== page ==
ARM engineers believe schoolchildren armed with micro:bits will “redefine what is impossible” after learning to code.

The smaller-than-a-credit-card device has been rolled out to year seven pupils across the country in a pioneering project which has seen the BBC team up with 29 industry partners, including the Cambridge-headquartered giant.

One million children will receive their own device this year, with many schools already getting to grips with the new addition to the curriculum as computing education gets an overhaul.

Long-term it is hoped the initiative will inspire a new generation of coders and fill anticipated skills gaps.

The micro:bit was created using ARM’s mbed hardware and software development kits and compiler services and builds on its work on the original 1981 BBC Micro.

BBC micro:bit

Jonny Austin, staff software engineer and ARM’s technical lead on the micro:bit project, says the scheme was in response to a digital report two years ago that found more than one million UK businesses did not have the skills to be successful in today’s digital world. 

“We really wanted to be a game changer,” says Austin.

“Alongside our partners we wanted to recreate the buzz of the BBC Micro which was a product we all used as engineers and has shaped a lot of the programming skills we see coming into the industry today.”

The aim is to demystify technology and allow pupils to feel an ownership for the product so that they understand what’s going on rather than the technology driving them, he adds.

The ease of use will see children progressing quickly from the simple drag and drop environment to looking at how they can do more with the device through programming within a few days.

And targeting children from age 11 means this is entirely possible as they bring with them no pre-conceived ideas, says Bee Hayes-Thakore, director of marketing products, Internet of Things, at ARM. 

“We’ve given the most cutting edge technology to kids who really don’t have any constraints,” she says.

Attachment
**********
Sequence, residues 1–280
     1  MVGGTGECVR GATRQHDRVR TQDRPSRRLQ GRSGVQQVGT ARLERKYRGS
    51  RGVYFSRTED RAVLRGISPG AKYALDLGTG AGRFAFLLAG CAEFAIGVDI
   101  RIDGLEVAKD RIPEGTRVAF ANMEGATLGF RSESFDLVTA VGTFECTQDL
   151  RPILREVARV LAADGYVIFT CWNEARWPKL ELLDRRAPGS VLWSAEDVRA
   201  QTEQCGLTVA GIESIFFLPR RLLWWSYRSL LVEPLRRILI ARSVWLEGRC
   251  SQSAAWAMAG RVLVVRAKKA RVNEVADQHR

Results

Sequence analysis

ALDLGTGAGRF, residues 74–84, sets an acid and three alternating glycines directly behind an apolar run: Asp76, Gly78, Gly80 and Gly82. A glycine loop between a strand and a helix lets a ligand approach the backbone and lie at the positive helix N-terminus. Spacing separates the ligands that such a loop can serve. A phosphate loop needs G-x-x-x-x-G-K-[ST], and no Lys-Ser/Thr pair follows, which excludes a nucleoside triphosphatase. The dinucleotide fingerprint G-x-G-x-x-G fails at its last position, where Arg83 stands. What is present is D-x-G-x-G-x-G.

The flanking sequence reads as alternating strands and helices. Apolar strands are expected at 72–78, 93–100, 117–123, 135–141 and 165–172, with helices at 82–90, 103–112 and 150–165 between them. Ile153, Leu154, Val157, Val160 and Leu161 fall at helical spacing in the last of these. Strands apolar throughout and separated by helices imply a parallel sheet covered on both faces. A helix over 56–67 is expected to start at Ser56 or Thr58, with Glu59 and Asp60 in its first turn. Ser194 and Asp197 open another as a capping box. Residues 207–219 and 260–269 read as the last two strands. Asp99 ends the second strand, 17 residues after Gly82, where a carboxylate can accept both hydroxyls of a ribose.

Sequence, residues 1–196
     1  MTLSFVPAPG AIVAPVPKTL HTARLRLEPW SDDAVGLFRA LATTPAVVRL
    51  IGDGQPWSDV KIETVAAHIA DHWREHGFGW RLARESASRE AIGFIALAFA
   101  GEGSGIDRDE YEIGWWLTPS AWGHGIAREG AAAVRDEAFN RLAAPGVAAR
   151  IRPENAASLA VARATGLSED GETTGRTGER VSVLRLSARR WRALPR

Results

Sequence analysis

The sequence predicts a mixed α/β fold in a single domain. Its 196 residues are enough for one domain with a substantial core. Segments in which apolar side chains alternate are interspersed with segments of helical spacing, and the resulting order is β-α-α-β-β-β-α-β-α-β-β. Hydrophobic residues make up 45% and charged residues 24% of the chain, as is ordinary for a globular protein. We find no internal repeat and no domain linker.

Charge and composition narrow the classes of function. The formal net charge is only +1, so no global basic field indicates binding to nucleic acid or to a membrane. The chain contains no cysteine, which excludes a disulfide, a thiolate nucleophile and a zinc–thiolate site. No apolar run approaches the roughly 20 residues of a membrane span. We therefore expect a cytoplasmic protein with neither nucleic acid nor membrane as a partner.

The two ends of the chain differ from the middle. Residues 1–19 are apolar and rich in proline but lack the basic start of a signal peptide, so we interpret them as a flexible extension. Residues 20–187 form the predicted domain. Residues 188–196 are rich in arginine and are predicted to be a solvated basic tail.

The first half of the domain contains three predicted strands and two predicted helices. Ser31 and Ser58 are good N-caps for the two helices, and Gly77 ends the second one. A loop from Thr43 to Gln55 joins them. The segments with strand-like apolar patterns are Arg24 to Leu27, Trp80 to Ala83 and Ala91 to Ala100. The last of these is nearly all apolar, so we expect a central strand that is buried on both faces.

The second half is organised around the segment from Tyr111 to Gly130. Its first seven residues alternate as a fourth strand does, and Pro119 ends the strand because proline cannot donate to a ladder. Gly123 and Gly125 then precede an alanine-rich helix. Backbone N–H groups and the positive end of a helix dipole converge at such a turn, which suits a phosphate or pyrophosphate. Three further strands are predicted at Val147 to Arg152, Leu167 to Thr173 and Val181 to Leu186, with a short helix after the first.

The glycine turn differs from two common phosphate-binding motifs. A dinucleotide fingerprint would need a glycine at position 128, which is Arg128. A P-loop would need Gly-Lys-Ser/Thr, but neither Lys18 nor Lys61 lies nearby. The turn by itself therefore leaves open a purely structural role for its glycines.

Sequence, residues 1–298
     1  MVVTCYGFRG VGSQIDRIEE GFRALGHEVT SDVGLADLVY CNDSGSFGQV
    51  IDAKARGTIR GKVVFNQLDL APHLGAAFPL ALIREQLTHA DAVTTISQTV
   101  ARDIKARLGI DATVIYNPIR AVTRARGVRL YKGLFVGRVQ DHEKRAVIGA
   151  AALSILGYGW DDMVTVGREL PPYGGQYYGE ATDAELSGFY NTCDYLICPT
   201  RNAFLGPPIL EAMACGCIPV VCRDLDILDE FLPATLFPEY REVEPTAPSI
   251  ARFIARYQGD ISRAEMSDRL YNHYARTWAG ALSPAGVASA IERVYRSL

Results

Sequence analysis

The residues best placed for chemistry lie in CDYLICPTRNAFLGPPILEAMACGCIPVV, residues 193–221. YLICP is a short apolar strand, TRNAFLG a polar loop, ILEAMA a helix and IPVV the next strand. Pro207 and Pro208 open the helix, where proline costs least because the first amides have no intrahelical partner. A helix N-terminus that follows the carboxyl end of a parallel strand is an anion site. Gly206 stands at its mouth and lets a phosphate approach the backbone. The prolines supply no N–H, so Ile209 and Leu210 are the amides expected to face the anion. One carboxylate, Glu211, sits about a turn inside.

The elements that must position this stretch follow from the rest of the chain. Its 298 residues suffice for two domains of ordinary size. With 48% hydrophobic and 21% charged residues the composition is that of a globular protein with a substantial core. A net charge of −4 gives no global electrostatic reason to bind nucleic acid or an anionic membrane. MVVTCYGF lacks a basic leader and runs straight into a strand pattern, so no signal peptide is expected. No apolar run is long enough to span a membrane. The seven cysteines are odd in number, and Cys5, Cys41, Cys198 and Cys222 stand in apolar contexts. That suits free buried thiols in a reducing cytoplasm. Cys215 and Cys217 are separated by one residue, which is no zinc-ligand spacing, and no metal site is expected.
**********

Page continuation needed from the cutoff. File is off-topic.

“As engineers we’re constrained by the types of things we know and the inertia we build in; we wanted to give it to kids who don’t even know what is impossible and they would redefine that.

“Soon enough we will see children becoming more familiar with coding and connecting the devices they already have and doing richer things because they are not shy to expand their capabilities.”

The rollout to schools is just the start and work is continuing to ensure the micro:bit remains sustainable and educational.

BBC micro:bit

At ARM this means ensuring every school receives their micro:bits before giving them to every ARM employee, who will be encouraged to use them to work with schools and children’s clubs.

Further ahead, Hayes-Thakore believes every organisation in the future will be a “connected business”, meaning these types of skills will be essential to ensure organisations can grow.

Austin believes the scheme will capture a broader range of people coming into coding roles, as diversity is currently lacking, and there are currently efforts to encourage more girls into STEM subjects.

For now ARM’s Austin adds: “We have a big community around the micro:bit that is already starting to evolve and there is an excitement with commercial developers about how they can use it, so I think we will see it taking on a life of its own among both hobbyists and makers.”

Arm Holdings, founded in 1990, designs the microchips used in the majority of smartphones, including the market-leading Apple and Samsung devices.

It was announced last month that Japanese giant Softbank will buy the firm at a 43 per cent premium on its value in a bid to "capture the very significant opportunities provided by the Internet of Things"

That purchase is expected to receive initial approval from Softbank shareholders this week.

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